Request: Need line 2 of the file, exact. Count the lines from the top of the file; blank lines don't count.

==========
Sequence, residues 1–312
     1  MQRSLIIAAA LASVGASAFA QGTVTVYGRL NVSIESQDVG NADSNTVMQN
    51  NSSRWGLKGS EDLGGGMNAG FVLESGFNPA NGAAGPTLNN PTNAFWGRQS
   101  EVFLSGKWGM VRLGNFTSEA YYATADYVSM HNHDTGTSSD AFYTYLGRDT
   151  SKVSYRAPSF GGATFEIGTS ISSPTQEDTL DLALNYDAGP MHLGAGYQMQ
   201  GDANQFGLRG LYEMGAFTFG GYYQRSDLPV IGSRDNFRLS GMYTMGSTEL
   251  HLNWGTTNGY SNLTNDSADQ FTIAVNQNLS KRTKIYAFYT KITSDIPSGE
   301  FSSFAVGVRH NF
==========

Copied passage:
     1  MQRSLIIAAA LASVGASAFA QGTVTVYGRL NVSIESQDVG NADSNTVMQN